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ADDRESS.

BY

TOSHIMARO YAMAMATO,

OF YOKOHAMA, JAPAN.

It is indeed a great pleasure to me to have had the opportunity to be present as an invited delegate from the Bar Association of Japan.

It has been frequently stated during the past few years, and the business experience of the commercial world has conclusively proven the truth of such statement, that the business of the industrial nations of the world has so developed that the financial prosperity of each industrial nation depends upon the prosperity of every other industrial nation.

As a result of the recognition of this idea, individuals and companies from all industrial nations are now sending representatives abroad to engage in business. Americans in large numbers have come to Japan and to the Far East and have established offices there. I feel therefore that it might be of interest to the members of this Association to discuss briefly the legal position of foreigners in Japan, and more particularly that of American companies and American citizens and to touch briefly upon a few legal problems that have resulted from the large volume of trade that has grown up between Japan and America within recent years.

The Japanese Commercial Code contemplates that individuals or groups of individuals may do business in the same way that individuals or groups of individuals are authorized to do business under American law. That is to say, an individual can do business in Japan either alone in his own name or under a trade name, or the individual may associate with others and conduct business as a partnership or in corporate form. Americans may either associate in partnership form or in corporate form under the laws of some particular state and thereafter engage in business in Japan under such organization, or they may form such an organization under Japanese law.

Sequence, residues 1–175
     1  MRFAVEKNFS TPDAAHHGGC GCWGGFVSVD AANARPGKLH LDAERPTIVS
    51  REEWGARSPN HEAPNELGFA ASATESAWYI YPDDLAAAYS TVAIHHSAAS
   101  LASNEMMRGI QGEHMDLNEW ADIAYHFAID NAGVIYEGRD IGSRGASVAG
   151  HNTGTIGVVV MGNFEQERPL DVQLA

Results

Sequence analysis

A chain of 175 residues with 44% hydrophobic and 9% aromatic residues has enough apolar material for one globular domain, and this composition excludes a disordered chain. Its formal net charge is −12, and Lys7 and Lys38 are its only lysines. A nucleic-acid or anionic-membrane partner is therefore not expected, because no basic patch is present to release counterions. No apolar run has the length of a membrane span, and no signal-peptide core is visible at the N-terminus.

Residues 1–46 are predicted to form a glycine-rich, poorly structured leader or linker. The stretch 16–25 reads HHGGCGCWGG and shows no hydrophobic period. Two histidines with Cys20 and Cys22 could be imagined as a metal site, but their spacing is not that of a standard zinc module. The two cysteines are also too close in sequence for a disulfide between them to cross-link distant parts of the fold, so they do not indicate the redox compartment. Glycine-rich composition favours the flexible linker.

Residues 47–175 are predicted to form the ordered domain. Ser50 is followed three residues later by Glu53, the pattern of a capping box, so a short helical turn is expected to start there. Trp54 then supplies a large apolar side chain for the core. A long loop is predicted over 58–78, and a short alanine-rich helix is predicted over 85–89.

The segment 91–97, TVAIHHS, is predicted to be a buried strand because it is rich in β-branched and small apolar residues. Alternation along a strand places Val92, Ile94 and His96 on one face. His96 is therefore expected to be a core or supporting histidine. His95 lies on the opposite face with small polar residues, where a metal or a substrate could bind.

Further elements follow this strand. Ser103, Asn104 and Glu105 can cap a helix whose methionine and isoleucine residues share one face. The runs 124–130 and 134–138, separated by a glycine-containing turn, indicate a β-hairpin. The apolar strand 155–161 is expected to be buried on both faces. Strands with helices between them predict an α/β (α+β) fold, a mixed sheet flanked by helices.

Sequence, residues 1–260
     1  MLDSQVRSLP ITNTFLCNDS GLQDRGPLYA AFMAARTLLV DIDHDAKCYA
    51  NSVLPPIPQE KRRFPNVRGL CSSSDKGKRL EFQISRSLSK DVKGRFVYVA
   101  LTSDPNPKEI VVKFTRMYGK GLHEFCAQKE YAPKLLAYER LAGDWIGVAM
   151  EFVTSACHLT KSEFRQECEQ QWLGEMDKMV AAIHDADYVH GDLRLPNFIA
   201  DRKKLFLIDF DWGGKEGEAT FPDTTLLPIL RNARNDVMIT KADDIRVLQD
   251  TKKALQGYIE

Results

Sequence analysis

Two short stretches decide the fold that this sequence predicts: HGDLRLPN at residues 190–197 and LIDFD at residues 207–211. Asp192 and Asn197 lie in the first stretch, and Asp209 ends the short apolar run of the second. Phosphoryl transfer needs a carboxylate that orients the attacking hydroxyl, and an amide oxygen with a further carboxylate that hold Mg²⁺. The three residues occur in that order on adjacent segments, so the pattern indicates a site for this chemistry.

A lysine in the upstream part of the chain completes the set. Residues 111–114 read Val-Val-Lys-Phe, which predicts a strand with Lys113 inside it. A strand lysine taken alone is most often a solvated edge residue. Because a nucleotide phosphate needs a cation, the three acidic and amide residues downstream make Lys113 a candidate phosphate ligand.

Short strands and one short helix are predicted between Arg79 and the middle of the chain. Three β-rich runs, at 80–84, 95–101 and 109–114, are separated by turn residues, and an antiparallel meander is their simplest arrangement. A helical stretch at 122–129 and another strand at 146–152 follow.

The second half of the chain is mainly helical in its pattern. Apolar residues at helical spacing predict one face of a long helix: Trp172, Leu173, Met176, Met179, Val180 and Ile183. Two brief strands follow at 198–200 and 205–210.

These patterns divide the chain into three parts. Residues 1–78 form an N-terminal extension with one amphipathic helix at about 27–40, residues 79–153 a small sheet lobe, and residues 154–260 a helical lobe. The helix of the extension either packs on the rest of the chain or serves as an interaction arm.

If the partnership or corporation is organized under the laws of one of the states of the United States, Japanese law requires that its existence as such an organization under the laws of the state under which it is organized, be proven to a Court of Registration and the fact of its existence as such be registered in that court. The law provides that unless such registration is made, the existence of the Company's branch nobody is bound to recognize in Japan. After an American company or partnership is properly registered in Japan, it acquires the legal status of a foreign company engaged in business in Japan.

In registering a foreign partnership or corporation in Japan, Japanese law requires that a representative for the company in Japan be also registered. Such representative is generally empowered to act as such, by a Power of Attorney from the main office of the company. This Power of Attorney is not registered by the Registration Court in Japan, but is simply filed in that court to prove that such representative was duly authorized by the foreign company in question.

After such representative is registered, Japanese law regards him as having powers that are equal to the authority or powers conferred upon a partner or an executive official of a corporation by American law. Any limitations upon the powers of such representative to act for the company which are expressed in his power of attorney will not be effective as against third persons dealing with each representative in ignorance of such limitations. Furthermore the powers conferred upon such representative continue to operate even after his discharge or removal from office, and the only way to effectively revoke his authorization is to cancel his registration as representative.